A flaw in Facebook has been fixed, which lets people access private photos on other people’s profiles by using the image reporting tool.
When users report inappropriate profiles photos, they are then asked why they believe they are inappropriate.
By ticking the “nudity or pornography” box, the site lets users “take action by selecting additional photos” for their report. Users are then able to select extra photos which have been normally kept private from them.
Some private photos from Facebook co-founder and CEO Mark Zuckerberg’s profile were found using this method, which include photos of Zuckerberg posing with his girlfriend, photos of Zuckerberg eating sushi and pictures of when he met US President Barack Obama.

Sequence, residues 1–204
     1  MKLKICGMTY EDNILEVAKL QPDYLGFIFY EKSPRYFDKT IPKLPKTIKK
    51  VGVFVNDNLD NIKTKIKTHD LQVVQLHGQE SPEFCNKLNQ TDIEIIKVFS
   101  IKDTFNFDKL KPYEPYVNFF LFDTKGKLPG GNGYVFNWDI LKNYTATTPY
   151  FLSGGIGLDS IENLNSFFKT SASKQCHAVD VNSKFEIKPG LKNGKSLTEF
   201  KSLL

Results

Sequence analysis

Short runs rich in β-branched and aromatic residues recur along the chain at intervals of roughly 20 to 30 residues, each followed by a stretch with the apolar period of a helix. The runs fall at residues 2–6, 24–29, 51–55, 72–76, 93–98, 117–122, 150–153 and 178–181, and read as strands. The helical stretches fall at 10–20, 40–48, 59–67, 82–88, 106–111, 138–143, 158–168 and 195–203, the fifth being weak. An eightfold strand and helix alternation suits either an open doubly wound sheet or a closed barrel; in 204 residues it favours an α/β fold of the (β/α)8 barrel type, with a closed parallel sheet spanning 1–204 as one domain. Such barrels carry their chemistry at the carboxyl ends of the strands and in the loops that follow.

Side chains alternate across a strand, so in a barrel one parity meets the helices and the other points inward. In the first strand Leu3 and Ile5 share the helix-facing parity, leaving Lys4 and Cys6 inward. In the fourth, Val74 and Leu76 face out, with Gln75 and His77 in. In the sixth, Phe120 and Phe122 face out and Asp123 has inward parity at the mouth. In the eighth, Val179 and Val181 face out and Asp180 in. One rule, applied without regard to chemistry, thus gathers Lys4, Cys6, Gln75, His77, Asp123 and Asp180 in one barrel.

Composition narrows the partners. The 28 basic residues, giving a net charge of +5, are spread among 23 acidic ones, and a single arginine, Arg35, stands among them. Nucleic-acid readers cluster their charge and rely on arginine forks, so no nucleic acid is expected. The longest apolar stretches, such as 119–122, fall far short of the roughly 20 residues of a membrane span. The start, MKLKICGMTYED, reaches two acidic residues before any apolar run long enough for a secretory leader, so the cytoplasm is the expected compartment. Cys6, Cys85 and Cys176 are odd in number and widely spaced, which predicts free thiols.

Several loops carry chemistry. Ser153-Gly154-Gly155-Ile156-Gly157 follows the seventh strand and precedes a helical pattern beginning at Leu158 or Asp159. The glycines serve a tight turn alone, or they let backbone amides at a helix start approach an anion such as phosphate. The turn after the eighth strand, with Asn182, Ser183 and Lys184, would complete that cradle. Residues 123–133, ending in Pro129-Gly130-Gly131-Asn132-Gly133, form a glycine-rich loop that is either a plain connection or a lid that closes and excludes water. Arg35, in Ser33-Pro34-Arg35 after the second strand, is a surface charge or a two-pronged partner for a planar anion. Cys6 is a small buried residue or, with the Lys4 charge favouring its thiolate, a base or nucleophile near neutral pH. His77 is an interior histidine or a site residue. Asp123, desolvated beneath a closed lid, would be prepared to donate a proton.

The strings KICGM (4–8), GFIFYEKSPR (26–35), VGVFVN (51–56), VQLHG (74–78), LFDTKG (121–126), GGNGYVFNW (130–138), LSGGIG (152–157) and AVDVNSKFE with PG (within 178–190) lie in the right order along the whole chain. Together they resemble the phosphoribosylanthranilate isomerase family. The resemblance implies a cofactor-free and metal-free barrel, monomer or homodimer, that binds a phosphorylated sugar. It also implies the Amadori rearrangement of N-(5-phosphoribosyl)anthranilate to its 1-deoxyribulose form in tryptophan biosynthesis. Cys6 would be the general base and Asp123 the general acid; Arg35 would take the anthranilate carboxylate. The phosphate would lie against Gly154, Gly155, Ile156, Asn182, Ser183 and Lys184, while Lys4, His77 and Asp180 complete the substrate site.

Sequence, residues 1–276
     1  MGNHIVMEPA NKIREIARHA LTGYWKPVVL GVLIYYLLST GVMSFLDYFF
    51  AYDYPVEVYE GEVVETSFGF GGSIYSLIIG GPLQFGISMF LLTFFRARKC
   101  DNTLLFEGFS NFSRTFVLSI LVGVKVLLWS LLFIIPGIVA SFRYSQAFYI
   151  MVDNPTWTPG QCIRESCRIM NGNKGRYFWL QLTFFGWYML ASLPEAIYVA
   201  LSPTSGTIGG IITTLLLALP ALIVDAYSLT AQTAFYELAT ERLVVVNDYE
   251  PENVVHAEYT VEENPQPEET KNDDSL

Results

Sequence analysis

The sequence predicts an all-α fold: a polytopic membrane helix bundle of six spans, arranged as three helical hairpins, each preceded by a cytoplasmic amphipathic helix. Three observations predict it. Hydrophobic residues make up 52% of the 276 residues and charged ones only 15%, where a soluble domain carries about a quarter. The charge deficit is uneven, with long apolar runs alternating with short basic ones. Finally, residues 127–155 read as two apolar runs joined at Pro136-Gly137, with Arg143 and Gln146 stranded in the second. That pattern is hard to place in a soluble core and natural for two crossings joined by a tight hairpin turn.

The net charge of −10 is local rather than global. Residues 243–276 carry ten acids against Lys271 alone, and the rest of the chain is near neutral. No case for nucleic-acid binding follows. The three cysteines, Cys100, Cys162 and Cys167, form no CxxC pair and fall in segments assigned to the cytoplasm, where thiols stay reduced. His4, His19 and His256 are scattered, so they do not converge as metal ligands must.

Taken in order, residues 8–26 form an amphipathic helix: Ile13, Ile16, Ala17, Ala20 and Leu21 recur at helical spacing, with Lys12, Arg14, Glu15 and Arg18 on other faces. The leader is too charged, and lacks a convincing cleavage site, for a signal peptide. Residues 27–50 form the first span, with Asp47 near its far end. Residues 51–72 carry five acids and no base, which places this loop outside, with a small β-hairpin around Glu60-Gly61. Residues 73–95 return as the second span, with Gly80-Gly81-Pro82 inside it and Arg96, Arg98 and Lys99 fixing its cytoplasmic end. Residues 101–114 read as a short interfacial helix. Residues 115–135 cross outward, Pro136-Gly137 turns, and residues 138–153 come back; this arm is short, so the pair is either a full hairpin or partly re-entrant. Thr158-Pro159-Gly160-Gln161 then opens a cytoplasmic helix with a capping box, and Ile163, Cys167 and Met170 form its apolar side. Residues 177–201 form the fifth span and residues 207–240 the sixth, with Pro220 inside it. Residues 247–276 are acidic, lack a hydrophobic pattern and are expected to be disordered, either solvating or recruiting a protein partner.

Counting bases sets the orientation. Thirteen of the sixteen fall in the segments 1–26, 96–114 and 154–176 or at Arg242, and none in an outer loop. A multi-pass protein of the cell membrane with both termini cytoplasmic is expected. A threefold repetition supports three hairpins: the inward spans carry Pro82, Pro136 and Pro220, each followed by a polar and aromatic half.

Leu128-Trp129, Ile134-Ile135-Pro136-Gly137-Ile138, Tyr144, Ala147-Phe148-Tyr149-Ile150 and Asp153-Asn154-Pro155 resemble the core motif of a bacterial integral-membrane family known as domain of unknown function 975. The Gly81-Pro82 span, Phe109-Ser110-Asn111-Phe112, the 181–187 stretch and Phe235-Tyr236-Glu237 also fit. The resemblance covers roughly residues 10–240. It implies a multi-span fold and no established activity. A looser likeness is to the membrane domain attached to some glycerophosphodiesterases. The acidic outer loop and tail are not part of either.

Facebook has since fixed the flaw, saying it was down to a glitch and that only a few users were affected. It said the bug was only live for a limited period of time.
Facebook has dealt with numerous privacy issues in the past and has since tried to become more open about how users can control their data on Facebook.
In regards to this image reporting flaw, Facebook said it dealt with the issue as soon as it discovered it and said the integrity of user data was its priority.